20 Years of Sourdough Stewardship

By , February 20, 2012

Our relationship with our sourdough has continued to evolve. Recently we ignored the starter in the back of the cool box a little longer than was polite. When we brought it (him? her?) out to use, it required two “feedings” before it had enough rising power to make bread. This gave us a couple quarts of extra sourdough to work with . . . the bread recipe only uses 1/2 cup of starter. We have enjoyed several batches of sourdough gingerbread, biscuits and bread in the last couple weeks.

Before I began feeding the starter I went back to www.thefreshloaf.com to make sure I remembered the process correctly. I found some interesting posts about bread making of all kinds that discussed some concepts I already knew about and some I’d never considered.

One thing I knew was warming the ingredients and bowls before starting. This is especially important in the winter here. A new concept for me was actually measuring the temperature of the ingredients. There is a formula for knowing how warm the water should be to get the dough an ideal temperature for rising. 240 minus the temperature of the flour and the air temperature and 10 (for how much heat you create from kneading). So if your room is 70° and your flour is 70° the math would be 240–70-70-10= 90. So you would want your water to be 90°. This works with regular yeast dough too. The ideal temperature for rising is 78° F.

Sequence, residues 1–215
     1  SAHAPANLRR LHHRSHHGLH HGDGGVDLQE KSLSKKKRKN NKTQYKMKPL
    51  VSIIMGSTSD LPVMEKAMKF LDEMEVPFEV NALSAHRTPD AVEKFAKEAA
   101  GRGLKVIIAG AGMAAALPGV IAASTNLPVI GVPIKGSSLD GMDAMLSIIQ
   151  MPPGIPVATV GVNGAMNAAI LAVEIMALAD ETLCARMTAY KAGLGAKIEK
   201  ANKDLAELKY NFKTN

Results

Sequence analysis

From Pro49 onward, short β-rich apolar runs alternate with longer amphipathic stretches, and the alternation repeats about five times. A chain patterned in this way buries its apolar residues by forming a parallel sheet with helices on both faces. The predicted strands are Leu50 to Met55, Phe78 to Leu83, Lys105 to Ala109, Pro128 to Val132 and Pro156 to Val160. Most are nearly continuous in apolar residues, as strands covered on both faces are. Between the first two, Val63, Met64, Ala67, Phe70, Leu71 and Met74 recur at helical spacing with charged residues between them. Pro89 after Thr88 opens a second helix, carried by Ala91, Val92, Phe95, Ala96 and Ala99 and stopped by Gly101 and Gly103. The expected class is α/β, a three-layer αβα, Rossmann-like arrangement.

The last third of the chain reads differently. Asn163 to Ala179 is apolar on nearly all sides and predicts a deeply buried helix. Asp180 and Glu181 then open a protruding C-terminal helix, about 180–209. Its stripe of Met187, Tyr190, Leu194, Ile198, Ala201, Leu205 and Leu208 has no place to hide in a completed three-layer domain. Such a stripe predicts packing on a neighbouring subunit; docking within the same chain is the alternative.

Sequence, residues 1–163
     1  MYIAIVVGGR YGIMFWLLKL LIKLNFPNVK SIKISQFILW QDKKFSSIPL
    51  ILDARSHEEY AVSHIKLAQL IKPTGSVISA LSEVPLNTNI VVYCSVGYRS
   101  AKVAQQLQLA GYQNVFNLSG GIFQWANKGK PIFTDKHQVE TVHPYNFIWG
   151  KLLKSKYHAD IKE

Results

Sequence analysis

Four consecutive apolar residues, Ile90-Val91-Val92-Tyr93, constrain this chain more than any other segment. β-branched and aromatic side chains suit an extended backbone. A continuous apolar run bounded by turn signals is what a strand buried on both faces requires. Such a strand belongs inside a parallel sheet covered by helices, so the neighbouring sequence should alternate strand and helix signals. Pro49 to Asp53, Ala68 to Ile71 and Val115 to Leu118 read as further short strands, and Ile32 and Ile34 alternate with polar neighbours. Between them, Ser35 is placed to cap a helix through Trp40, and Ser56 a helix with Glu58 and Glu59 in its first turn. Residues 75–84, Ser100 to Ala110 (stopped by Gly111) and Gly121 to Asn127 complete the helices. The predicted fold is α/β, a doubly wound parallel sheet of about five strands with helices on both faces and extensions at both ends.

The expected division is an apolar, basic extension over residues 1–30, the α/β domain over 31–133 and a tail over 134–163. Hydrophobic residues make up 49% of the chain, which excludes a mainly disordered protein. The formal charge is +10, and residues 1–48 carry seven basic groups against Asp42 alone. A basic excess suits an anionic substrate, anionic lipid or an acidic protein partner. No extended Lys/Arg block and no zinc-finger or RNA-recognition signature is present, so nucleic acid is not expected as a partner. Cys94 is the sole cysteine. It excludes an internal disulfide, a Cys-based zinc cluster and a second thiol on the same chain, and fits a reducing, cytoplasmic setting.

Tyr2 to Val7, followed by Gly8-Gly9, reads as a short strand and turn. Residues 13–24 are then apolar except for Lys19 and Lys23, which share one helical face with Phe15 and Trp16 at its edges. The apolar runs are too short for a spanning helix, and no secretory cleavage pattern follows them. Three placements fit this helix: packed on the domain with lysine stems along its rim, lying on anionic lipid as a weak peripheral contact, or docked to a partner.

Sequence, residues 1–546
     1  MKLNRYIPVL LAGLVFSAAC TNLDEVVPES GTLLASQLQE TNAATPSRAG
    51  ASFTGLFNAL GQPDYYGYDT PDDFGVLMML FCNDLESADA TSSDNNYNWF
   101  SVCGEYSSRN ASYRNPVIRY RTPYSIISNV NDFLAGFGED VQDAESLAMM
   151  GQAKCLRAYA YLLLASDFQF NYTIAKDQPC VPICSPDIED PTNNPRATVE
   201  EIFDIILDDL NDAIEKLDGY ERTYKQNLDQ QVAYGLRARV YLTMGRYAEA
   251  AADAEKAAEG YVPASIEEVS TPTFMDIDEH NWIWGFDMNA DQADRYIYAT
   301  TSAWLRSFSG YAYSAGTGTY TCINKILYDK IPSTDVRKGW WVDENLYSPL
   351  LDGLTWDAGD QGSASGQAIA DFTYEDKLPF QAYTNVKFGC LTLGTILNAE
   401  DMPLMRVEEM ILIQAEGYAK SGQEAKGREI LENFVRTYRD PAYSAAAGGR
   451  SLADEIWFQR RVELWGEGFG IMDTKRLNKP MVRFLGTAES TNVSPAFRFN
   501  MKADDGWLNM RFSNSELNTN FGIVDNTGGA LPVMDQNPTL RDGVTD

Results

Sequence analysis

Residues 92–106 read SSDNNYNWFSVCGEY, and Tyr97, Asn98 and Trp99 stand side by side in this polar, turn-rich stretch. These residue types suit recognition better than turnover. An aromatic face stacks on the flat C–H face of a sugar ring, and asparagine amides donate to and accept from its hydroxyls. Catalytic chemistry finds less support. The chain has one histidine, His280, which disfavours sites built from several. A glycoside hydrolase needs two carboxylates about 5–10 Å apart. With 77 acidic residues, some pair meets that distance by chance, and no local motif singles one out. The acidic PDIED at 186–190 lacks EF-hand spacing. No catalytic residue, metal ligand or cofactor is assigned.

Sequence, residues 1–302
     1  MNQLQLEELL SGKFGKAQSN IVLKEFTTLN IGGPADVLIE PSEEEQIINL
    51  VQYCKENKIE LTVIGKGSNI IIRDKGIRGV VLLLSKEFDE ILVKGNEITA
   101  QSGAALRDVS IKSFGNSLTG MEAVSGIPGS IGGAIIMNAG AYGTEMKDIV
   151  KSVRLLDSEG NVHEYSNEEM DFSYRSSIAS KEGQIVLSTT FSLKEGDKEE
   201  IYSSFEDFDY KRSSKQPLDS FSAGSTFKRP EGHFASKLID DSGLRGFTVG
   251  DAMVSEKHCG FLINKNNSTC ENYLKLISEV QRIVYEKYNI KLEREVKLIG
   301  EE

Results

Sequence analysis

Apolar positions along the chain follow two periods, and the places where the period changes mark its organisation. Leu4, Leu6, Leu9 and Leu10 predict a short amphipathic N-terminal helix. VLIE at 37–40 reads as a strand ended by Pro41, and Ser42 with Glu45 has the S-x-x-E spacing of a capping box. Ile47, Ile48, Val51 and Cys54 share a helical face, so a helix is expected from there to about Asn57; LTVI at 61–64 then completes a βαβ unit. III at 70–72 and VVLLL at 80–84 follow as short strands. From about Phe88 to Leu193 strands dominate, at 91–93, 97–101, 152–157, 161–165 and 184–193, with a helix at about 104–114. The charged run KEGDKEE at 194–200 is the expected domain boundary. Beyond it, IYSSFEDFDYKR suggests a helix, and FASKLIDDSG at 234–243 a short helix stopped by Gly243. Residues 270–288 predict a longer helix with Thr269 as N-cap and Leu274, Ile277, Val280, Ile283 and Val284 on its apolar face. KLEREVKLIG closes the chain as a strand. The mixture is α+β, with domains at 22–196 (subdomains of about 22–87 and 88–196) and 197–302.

Another thing they talked about was incorporating air into the starter when you are feeding it. Apparently using a wire whisk to stir the warm water, flour and starter helps a lot. Then you need to give it a couple whiskings (I dare not say beatings) during the day while it is beginning to work. The air is needed by the natural sourdough yeasts to grow.

Of course, we don’t usually make this much fuss about it. But we do keep these things in mind especially when we make bread.

So we know more about making the sourdough more comfortable now. It’s about time, since it has been a part of the family longer than Aly has . . . and she is off at college! Today marks this sourdough starter’s 20th birthday.

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